Face Off: Ballot Measure 1

Ballot Measure 1 is a no-brainer

By Robert Hockema

Corporate dollars and misinformation have hijacked the debate on the Stand for Salmon initiative.

By now, you’ve probably seen the army of No on 1 signs plastered all over roadsides and backyards. If you haven’t seen the signs, you’ve definitely heard the Stand for Alaska radio and TV ads. Unfortunately, the claims you’re hearing in those ads are wholly inaccurate and misleading.

Let’s set the record straight and talk about what the Stand for Salmon initiative actually does.

First and foremost, Ballot Measure One updates Alaska’s outdated habitat protection and permitting laws under Title 16. As it stands, there is no specified language limiting the amount of damage a project can have to a fish habitat. So long as a project ensures the “proper protection of fish and game”, Alaska Fish and Game has little room to deny a permit. The statute fails to define what “proper protection” looks like, and thus puts salmon habitats at risk — something the initiative fixes by adding scientific standards for habitat protection.

In response, the Stand for Alaska campaign has put forth dubious and misleading claims. Their campaign boasts that over 18 new federal and state policies have been updated since statehood. Though true, it ignores that the majority of those updates fail to protect salmon habitats with more specific language.

Laws like the Clean Water Act, the Endangered Species Act, and the Pacific Salmon Treaty all call for broad protections for open waters and streams. None of them give Fish and Game the power to deny a permit unless the project will undoubtedly destroy fish habitats.

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The problem is that mega projects like the Pebble Mine aren’t obvious threats to fish habitats. It takes careful research to understand how these projects pose a threat, which limits Fish and Game’s ability to hold them accountable until damage has already been done.

Additionally, the vast majority of updated protections are federal. It’s unclear whether those are likely to stick under the Trump administration’s crackdown on environmental law. For instance, the administration has began the process to open up ANWR, despite decades-long concerns that development will severely harm the surrounding environment. Under Trump, the Environmental Protection Agency has rolled back important federal protections, such as repealing Obama-era methane output rules, stripping air pollution limitations on coal fired power plants, and removing basic safeguards for marine environments.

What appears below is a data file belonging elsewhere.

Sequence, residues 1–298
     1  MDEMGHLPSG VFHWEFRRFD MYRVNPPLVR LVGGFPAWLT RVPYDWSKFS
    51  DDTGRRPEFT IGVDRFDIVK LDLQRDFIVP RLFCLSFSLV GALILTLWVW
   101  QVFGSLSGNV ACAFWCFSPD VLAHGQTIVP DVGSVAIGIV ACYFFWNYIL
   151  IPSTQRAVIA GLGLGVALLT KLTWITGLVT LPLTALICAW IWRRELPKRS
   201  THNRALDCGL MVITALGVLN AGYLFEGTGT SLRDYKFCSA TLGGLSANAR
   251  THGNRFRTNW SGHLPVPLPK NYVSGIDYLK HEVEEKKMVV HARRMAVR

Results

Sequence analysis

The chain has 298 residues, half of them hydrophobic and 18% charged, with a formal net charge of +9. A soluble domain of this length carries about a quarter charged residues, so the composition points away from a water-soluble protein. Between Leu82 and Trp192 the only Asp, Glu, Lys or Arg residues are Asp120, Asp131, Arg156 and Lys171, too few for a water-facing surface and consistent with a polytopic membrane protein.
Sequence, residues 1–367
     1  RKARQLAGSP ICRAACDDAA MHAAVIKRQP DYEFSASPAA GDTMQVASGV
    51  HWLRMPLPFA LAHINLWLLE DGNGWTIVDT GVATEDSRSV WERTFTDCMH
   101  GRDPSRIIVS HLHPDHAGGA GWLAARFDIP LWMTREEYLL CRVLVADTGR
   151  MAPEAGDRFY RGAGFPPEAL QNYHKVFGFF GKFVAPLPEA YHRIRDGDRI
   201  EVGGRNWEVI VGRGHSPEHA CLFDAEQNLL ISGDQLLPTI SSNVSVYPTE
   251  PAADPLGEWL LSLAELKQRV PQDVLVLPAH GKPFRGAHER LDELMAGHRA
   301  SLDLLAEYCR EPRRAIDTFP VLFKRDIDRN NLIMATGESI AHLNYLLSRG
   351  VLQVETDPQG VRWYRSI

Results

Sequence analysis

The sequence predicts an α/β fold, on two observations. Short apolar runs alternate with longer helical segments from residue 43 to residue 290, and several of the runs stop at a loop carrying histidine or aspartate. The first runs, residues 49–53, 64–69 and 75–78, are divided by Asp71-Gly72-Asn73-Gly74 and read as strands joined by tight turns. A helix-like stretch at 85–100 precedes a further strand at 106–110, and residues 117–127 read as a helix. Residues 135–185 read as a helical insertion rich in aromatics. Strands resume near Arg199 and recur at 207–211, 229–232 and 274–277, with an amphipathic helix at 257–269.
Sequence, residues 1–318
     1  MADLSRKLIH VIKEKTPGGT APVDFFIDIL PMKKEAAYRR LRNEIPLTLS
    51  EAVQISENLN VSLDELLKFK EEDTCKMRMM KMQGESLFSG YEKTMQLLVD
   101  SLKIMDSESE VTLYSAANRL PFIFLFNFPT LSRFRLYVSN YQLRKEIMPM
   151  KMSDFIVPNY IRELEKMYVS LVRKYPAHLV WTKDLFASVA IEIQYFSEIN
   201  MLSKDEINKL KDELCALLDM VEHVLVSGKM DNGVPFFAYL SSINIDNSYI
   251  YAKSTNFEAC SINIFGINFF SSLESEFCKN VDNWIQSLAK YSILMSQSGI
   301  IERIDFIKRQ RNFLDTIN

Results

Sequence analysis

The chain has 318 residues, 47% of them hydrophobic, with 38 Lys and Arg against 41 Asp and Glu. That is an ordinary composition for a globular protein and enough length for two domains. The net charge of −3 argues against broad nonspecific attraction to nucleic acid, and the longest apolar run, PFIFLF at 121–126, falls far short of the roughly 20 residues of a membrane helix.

The extensive list of regressive environmental policies makes clear that we can’t rely on the federal government to protect environmental law anymore. If there’s a pro-development interest in conflict with environmental protection, President Trump has made clear which of the two he’s more likely to prioritize. Federal hostility towards science and environmental protection makes Ballot Measure One more important now than ever.

Ballot Measure One also restructures the permitting system under Title 16 to differentiate between minor and major projects. The two-tiered system specifically excludes small project from the process, including building a house, hunting, and commercial fishing. For the remainder of projects, those that pose a minimal risk to salmon habitats — such as building a private dock — are streamlined under the minor permitting process. Major projects, like large dams and mines, are classified under the major permitting process.